.290 BA (.356 OBP), 5 home runs on 22 RBI, along with 8 doubles.
For the GCL, five home runs is big stuff. Murillo’s slugging percentage is a robust .538, which ranks him eighth in the entire GCL, tied with teammate Karl Bolt. Edgar Lara leads the GCL with just seven home runs. Murillo looks to be a big-swinging slugger. He has thirty strikeouts in just 93 At-Bats. He hits the ball a mile, though it is too soon to tell if he is good at working counts and getting on base. His 37 walks in VSL play was pretty good. I like seeing ballplayers who’s OBP is a hundred points higher than their batting average.
Perhaps the Phillies have found themselves a future star in Murillo, a Latino on a team that has a disgraceful lack of talent from Latin America.
Travis Mattair. The Phillies highly touted third baseman is just eighteen years old, having been about a month old when George H.W. Bush (a.k.a., Bush 41) was sworn in as President. (Jeez, I’m getting old!) The Kennewick, Washington native is a tall (six foot five) right-handed hitter who has so far been a bust in the GCL.
To date Mattair has played in nearly every game for the GCL Phillies and is hitting .240. What is damning to me is that Mattair has drawn just four walks and has struck out twenty-eight times. That’s a seven-to-one ratio! The ability to make contact with the ball and put it into play is critical to success on the baseball diamond. This is an ability I wonder if Mattair has. As a consequence of his low walk total, Mattair’s OBP is a laughable .294.
Power-wise, Mattair has struggled. His isolated power at the plate is just .070. While power numbers are compressed in the GCL because of the pitcher-friendliness of the ballparks (and the humidity of the air in Florida, I suspect), Mattair is well behind his teammates:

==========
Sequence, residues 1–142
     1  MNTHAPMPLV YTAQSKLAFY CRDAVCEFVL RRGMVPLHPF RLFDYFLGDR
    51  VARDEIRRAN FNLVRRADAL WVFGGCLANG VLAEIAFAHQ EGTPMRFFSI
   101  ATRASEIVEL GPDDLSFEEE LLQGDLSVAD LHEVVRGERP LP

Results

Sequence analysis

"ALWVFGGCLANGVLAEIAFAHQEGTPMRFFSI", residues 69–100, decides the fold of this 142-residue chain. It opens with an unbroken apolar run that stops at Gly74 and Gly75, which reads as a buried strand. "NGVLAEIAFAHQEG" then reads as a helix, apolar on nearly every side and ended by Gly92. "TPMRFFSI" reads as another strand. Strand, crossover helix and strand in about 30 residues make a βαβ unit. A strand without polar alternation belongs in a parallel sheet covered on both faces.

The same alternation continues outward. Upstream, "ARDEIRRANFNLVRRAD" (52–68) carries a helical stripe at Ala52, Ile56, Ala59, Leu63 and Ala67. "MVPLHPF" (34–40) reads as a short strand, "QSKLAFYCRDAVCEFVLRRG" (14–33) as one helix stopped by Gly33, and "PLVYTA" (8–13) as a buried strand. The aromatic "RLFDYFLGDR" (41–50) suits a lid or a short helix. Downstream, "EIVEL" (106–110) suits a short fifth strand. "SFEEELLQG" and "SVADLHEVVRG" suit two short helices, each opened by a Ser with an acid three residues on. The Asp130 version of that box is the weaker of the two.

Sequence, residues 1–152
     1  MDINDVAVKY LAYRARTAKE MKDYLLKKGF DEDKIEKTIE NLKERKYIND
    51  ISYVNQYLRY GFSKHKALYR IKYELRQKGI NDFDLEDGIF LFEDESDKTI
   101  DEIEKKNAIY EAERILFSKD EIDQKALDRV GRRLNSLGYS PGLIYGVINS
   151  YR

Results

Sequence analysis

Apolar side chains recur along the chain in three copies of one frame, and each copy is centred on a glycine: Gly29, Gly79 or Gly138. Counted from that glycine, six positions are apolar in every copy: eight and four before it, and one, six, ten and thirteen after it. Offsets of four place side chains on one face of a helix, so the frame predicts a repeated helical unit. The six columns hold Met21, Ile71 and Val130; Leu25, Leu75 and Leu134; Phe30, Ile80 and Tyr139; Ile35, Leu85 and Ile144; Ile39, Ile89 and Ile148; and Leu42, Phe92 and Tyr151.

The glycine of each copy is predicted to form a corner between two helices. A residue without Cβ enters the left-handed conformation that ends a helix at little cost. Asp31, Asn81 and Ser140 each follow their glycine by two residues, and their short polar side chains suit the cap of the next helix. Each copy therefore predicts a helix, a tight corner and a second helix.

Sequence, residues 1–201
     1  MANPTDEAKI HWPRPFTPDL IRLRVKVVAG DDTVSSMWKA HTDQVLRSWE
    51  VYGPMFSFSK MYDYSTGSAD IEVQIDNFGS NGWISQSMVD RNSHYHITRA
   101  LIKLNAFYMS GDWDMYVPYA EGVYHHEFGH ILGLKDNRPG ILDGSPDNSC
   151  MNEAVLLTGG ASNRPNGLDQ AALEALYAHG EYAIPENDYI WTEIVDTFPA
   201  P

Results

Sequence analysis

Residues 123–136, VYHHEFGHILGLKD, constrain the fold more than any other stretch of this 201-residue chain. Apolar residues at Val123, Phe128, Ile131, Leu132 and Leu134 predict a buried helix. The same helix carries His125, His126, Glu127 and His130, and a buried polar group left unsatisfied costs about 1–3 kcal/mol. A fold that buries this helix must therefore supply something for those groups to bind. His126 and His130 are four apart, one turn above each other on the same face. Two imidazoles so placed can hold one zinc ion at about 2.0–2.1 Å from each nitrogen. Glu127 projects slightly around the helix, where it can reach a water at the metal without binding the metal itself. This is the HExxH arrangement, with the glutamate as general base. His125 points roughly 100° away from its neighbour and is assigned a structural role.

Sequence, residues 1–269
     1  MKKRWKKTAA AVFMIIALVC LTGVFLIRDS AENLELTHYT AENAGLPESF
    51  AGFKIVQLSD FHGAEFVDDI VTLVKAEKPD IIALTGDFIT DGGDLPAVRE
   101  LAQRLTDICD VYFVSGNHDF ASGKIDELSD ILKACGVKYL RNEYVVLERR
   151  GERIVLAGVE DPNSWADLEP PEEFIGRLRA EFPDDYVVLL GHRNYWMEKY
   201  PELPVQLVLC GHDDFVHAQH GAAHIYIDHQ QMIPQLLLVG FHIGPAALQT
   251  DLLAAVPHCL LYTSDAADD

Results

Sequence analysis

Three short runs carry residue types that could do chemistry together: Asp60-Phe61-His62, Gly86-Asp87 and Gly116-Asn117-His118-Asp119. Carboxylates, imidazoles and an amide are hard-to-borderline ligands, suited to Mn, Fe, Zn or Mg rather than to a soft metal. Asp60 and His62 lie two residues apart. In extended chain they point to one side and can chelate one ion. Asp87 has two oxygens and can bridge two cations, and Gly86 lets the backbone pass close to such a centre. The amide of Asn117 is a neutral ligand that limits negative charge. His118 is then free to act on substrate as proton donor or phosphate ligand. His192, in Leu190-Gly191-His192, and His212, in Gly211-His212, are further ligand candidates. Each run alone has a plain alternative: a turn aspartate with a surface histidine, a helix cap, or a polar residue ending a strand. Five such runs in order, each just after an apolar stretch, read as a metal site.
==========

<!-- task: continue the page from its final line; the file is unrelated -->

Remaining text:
Or perhaps Bolt and Murillo are doing that good of a job. I tend to think that Mattair needs to hit some more home runs and doubles to justify his place on the roster. I am very disappointed with Mattair’s performance, but I am confident that he’ll improve. Mattair is a lock to continue on to Lakewood and play on the Jersey Shore with the Blue Claws in 2008 because he was a high draft choice of the Phillies. Kyle Drabek struggled badly in 2006 in the GCL, but still moved onto Lakewood and pitched well in 2007 before an arm injury ended his season. Struggles in the GCL mean nothing for a highly touted prospect.
Travis D’Arnaud. Even younger than Mattair – D’Arnaud was born three weeks after Bush 41 took the Oath of Office – D’Arnaud is a graduate of Lakewood High School in California. A right-handed hitter, D’Arnaud is a catcher, a position that the Phillies probably will need some help with in the future. D’Arnaud has gotten off to a slow start, but shows some promise. In nineteen games he’s hit two home runs and a double to go with his eighteen hits in seventy At-Bats. Like Mattair, I don’t care for D’Arnaud’s serious inability to draw a walk – two walks to nine strikeouts – but D’Arnaud strikes me as being more of a disciplined contact hitter.
Here are the GCL Phillies top hitters:
GPA: (50 At-Bats Min.)
At this juncture players like T.J. Warren and Darin McDonald are basically done with their pro baseball careers. Both played with the GCL Phillies in 2006 and failed to advance to Lakewood, the stop GCL teammates Kyle Drabek and Adrian Cardenas took this season. Their struggles now portend omniously for their future careers.
As for the GCL Phillies pitchers, nearly all were later-round picks and none stood out to be as I evaluated their stats. No, the GCL Phillies are built around their bats. Good thing too, because we are going to need some in Lakewood in 2008.